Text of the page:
Know Thy Heritage Leadership Initiative Day 5: Planting Roots And The Political State of Palestine
By Ammar A.

Day five saw the delegation focus its attention on Ramallah, the political and cultural capital of Palestine. Kicking off with an early 7 a.m. start, we were left suitably breathless by the end of the day, having earnestly engaged with a wide menagerie of activities ranging from the academic to the emotional.

Our agenda began at the Palestinian Broadcasting Corporation with one of the famous staples of the KTH journey: performing the Palestinian national anthem on live television. After painstaking practice, it was immensely satisfying to see our performance come together, and though daunting, it filled us as members of the diaspora with pride to convey in song the spirit of Palestinian resilience and determination before a live audience. Hearing the touching words of Mr. Osama Nazzal—Palestinian Affairs Commentator—as he welcomed us to Palestine and eloquently summarized the challenges Palestinians face in their daily life, was an energizing start to the busy day.

Nowhere near done with the day’s formal visits, we powered through an incredibly enlightening trio of invitations. First was The Ministry of Foreign Affairs, where we heard from Mr. Amal Jado, who gave an enriching account of Palestinian history and politics. Next, we visited Dr. Hanan Ashrawi, the former PA Minister of Higher Education and Research. She gave a more personal perspective on today’s political situation in Occupied Palestine, speaking at length about the necessity and value of honesty and integrity in our behavior, inside and outside of politics. Finally, we heard from Dr. Laila Ghannam, the Governor of Ramallah, about the many challenges facing the city and its populace.

It was fascinating to hear three distinctly different perspectives: the political, the formerly political and the societal. We were left with many answers and many more questions, but we gained insight into the various angles to understand Palestinian society and politics.

Quickly recuperating over lunch, we moved on to the emotional experience of planting our own olive trees: a longstanding symbol of Palestinian steadfastness. Olive trees are a physical and emotional expression of deep Palestinian connection to land, their roots—much like our own—taking sustenance from its rich wealth. Often a target of settler violence, they have repeatedly suffered destruction, arson and theft at the hands of settlers, while Palestinians are arbitrarily barred access to their own trees during harvest season.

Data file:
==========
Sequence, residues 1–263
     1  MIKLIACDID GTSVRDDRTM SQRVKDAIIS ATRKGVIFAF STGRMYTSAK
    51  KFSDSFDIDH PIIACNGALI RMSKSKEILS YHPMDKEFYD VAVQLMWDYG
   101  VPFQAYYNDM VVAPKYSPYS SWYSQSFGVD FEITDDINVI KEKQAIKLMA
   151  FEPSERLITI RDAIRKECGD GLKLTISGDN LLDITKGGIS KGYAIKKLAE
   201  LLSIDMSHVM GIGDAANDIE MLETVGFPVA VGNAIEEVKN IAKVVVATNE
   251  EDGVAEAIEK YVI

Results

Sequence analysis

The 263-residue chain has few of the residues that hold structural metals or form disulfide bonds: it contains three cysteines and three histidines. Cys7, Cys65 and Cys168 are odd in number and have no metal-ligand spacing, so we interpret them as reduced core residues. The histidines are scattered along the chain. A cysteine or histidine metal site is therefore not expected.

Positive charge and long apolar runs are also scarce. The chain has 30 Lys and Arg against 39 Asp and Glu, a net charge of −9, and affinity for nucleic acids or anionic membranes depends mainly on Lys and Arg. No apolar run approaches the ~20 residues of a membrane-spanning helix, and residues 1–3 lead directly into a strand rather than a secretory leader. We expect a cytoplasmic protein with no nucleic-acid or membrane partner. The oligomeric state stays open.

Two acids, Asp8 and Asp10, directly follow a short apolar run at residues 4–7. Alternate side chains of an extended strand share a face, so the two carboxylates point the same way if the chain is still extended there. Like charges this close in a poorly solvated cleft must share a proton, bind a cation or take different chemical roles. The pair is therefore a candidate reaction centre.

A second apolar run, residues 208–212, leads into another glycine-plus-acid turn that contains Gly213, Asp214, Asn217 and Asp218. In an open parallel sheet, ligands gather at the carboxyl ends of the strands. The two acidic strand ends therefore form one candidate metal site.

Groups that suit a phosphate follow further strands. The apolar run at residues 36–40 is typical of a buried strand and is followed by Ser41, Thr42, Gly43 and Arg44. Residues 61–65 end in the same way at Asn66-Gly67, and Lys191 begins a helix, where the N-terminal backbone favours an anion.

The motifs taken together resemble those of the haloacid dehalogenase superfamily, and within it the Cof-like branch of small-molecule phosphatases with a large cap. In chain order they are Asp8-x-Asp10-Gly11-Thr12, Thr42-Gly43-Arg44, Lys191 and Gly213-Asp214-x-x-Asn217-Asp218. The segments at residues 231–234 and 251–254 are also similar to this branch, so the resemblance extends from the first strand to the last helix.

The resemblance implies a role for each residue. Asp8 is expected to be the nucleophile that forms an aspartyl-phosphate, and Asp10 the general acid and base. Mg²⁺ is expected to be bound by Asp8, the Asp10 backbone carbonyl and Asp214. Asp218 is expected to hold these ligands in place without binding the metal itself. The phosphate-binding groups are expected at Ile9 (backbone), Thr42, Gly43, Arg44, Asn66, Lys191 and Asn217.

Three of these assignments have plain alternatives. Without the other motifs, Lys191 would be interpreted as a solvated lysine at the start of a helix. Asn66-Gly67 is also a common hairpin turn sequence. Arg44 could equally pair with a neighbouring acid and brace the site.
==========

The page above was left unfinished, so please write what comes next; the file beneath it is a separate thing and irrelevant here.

Exhausting as it was to toil in the scorching heat, it was a powerful and nourishing experience to plant the beginnings of new life in our ancestral homeland. Each delegate adorned their tree with a nametag, permanently impressing a statement of our presence as Palestinian Diaspora here upon our land.

Though our fatigued bodies were more than ready for sleep at this stage, we then moved on to our arguably most fun activity of the day—learning and performing Dabkeh in the Holy Land Ecumenical Foundation’s new headquarters in Birzeit. While the coordination and rhythm of our moves left something to be desired, our spirited hearts shone through in performing traditional Palestinian dance.

A few lucky delegates were privileged to tour Sir Rateb’s office, the framed photos upon his wall serving as a window into fond memories of previous delegations and his meetings with important dignitaries and precious friends alike. While the first KTH trip took place over a decade, we could not help but see ourselves within the past delegates, reflecting how continuous our struggle for freedom has always been.

While most of the group engaged in the day’s busy activities, a parallel journey unfolded itself as one of us fell ill and was subsequently taken to hospital in the company of two other delegates. Their challenging experience revealed the sorry state of Palestine’s decaying public health system, suffering under the weight of the occupation with no adequate funding. It gave us a brief first-hand glimpse into the significant struggles of life in the Occupied West Bank, where quality medical care—a basic right—is afforded only to the affluent.

As the long day drew to a close, we reflected on its events and prepared ourselves for the incredibly exciting trip to Jerusalem that awaited us the next day. With an especially early morning ahead of us, we said our goodbyes and parted to allow our weary bodies some well-deserved rest.